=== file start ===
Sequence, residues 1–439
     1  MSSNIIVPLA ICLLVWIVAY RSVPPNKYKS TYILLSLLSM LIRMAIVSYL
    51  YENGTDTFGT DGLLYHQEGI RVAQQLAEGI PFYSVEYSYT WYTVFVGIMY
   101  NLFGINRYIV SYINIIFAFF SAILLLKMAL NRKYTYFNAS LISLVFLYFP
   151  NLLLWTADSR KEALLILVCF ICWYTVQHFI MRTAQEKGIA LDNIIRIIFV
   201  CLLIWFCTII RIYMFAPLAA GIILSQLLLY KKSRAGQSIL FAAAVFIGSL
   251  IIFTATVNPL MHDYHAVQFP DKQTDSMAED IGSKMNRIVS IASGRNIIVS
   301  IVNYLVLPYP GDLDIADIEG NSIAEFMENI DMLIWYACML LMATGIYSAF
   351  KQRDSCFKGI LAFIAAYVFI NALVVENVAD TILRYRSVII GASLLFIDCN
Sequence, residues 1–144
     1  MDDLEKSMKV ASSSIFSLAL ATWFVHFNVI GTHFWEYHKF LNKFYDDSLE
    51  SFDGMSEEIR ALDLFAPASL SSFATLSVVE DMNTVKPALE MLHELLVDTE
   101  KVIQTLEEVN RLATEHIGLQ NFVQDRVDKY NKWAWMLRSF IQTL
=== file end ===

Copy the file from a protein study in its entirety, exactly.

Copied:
Sequence, residues 1–439
     1  MSSNIIVPLA ICLLVWIVAY RSVPPNKYKS TYILLSLLSM LIRMAIVSYL
    51  YENGTDTFGT DGLLYHQEGI RVAQQLAEGI PFYSVEYSYT WYTVFVGIMY
   101  NLFGINRYIV SYINIIFAFF SAILLLKMAL NRKYTYFNAS LISLVFLYFP
   151  NLLLWTADSR KEALLILVCF ICWYTVQHFI MRTAQEKGIA LDNIIRIIFV
   201  CLLIWFCTII RIYMFAPLAA GIILSQLLLY KKSRAGQSIL FAAAVFIGSL
   251  IIFTATVNPL MHDYHAVQFP DKQTDSMAED IGSKMNRIVS IASGRNIIVS
   301  IVNYLVLPYP GDLDIADIEG NSIAEFMENI DMLIWYACML LMATGIYSAF
   351  KQRDSCFKGI LAFIAAYVFI NALVVENVAD TILRYRSVII GASLLFIDCN
Sequence, residues 1–144
     1  MDDLEKSMKV ASSSIFSLAL ATWFVHFNVI GTHFWEYHKF LNKFYDDSLE
    51  SFDGMSEEIR ALDLFAPASL SSFATLSVVE DMNTVKPALE MLHELLVDTE
   101  KVIQTLEEVN RLATEHIGLQ NFVQDRVDKY NKWAWMLRSF IQTL